A Hollywood sendoff for Bob Hope

By PAT NASON, UPI Hollywood Reporter  |  Aug. 28, 2003 at 2:53 PM
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LOS ANGELES, Aug. 28 (UPI) -- Hollywood glitter and old-fashioned patriotism filled the air in Los Angeles Wednesday as hundreds of colleagues and friends turned out for memorial services for legendary entertainer Bob Hope, one month after his death at 100.

The estimated 900 guests who attended a morning Mass for Hope included former President Gerald Ford and his wife, Betty, former first lady Nancy Reagan, U.S. Sen. Dianne Feinstein (D-Calif.) and the Chairman of the Joint Chiefs of Staff, Air Force Gen. Richard Myers. The congregation also included Hollywood stars such as Mickey Rooney, Raquel Welch and Tom Selleck.

Hope -- a star of vaudeville, Broadway, radio, movies and TV, who was named an honorary veteran in 1997 in recognition of more than 50 years of entertaining U.S. troops -- died July 27. He was buried on July 30 at San Fernando Mission Cemetery, following a private funeral service.

Wednesday's service at St. Charles Borromeo Roman Catholic Church featured an honor guard made up of representatives from the Army, Air Force, Coast Guard, Marines and Navy. It ended with a Marine bugler blowing "Taps," and the church choir performing Hope's longtime theme song, "Thanks for the Memory."

Los Angeles Cardinal Roger M. Mahony, the principal celebrant of the Mass, said Hope's career was a "ministry," as much as it was a life in the theater.

"He was leading us to something deeper than laughter -- joy," said Mahony. "He was truly bringing a spiritual message to countless people."

An afternoon memorial at the Academy of Television Arts and Sciences featured a less formal, frequently funny program -- including a few earthy references to Hope's long career in show business.

The common denominator at both services was the repeated emphasis on Hope's love for America. The printed program for the afternoon service featured a quote from Hope, in which he said he considered himself "a pretty lucky guy" for having a wonderful family and a knack for making people laugh.

"But I think the luckiest break I've had in my life," said the quote, "is to be an American."

The stage at the academy's Leonard Goldenson Theatre was adorned with a half dozen American flags, but it was dominated by a huge candid photograph of Hope -- wearing an open-collar shirt, a wide smile and a ballcap with the words "The Spirit of Bob Hope" embroidered on the crown.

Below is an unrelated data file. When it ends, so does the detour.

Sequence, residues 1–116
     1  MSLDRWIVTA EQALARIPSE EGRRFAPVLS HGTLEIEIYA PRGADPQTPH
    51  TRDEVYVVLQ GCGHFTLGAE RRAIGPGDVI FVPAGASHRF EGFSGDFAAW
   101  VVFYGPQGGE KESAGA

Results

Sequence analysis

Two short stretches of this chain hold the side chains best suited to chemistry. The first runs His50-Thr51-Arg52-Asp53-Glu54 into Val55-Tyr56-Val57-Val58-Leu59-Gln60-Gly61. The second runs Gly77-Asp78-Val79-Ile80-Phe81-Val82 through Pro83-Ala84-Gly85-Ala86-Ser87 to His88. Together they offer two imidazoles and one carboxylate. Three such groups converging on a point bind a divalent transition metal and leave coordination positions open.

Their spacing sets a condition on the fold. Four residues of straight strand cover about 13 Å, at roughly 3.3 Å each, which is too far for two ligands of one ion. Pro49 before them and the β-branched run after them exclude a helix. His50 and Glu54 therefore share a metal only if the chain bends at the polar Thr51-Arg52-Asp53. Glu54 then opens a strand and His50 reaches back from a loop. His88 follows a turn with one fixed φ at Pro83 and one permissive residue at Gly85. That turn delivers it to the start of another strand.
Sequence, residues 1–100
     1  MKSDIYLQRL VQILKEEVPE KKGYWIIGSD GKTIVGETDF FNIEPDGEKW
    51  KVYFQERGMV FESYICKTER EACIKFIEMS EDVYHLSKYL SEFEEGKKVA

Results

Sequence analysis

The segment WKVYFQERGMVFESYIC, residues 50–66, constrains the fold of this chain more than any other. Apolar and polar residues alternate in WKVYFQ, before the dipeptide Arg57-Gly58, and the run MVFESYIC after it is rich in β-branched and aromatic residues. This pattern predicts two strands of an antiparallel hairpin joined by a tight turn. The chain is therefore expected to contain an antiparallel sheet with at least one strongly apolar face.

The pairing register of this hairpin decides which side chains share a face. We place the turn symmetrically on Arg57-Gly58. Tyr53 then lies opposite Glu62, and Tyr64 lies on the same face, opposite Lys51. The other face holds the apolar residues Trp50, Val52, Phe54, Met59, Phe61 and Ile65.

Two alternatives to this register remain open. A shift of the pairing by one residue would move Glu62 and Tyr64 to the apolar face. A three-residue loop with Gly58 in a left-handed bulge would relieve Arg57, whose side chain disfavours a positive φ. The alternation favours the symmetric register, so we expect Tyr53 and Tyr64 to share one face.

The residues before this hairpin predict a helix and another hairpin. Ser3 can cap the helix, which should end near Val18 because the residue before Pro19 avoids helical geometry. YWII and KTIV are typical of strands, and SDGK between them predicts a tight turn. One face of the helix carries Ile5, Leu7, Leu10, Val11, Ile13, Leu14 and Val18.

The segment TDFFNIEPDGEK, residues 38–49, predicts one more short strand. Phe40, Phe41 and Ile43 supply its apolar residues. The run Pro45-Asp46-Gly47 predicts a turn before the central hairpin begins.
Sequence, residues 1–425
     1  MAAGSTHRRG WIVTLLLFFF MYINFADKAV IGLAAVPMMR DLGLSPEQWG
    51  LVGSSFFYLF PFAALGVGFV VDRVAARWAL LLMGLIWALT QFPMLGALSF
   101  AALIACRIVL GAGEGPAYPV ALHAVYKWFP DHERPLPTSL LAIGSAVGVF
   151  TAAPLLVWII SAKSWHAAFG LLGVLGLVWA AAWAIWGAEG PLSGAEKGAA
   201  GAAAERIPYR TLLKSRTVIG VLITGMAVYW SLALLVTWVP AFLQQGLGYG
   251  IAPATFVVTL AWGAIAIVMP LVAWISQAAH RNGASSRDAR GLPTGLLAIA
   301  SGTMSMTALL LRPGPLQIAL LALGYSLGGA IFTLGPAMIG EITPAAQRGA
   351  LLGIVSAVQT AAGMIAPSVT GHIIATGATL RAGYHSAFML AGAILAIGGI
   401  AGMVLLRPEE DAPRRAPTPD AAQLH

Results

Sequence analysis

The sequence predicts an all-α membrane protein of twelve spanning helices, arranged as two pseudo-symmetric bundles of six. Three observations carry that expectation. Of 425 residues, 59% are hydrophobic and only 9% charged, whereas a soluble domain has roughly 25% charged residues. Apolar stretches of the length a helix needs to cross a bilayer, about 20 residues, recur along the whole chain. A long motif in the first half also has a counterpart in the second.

Ushers -- docents from the Ronald Reagan and Richard Nixon presidential libriaries -- wore the red, white and blue uniforms they routinely wear when guiding tourists at the Southern California facilities.

One of the few standing ovations of the afternoon was given to retired Army general William Westmoreland, best known as the commander of U.S. forces during the Vietnam conflict.

Gen. Myers -- one of the few speakers who addressed both memorial services on Wednesday -- called Hope one of the greatest Americans of the 20th century.

"Bob Hope was an American hero," said Myers, "a hero to America's heroes."

The invitation-only audience at the TV academy service included such entertainment industry veterans as Red Buttons, Sid Caesar, Dixie Carter, Norm Crosby, Rhonda Fleming, Hal Holbrook and Ed McMahon. Old-timers were so predominant, Buttons got a laugh when he began his remarks by calling the gathering a meeting of the local AARP chapter.

The group also included younger performers such as Marie Osmond and Brooke Shields, who reminisced about their USO tours with Hope, and cabaret singer Michael Feinstein, who performed "I Can't Get Started," a song that Hope sang on Broadway in 1936.

Speaker after speaker recalled Hope as a thorough professional, a generous colleague and a gentle man. Most singled out his wife of 69 years, Dolores, who sat at the front of the auditorium in a wheelchair with her children and grandchildren.

The day ended with a chorus of performers -- including Anita Bryant, Joey Heatherton and Loni Anderson -- leading the audience in singing new lyrics to "Thanks for the Memory," written especially for the occasion by Kathryn Stone.

"Thanks for a century/Of life out on the links/Of Oscar Night high jinx/Your salary from NBC/Delivered by a Brinks/Our thanks for the fun."

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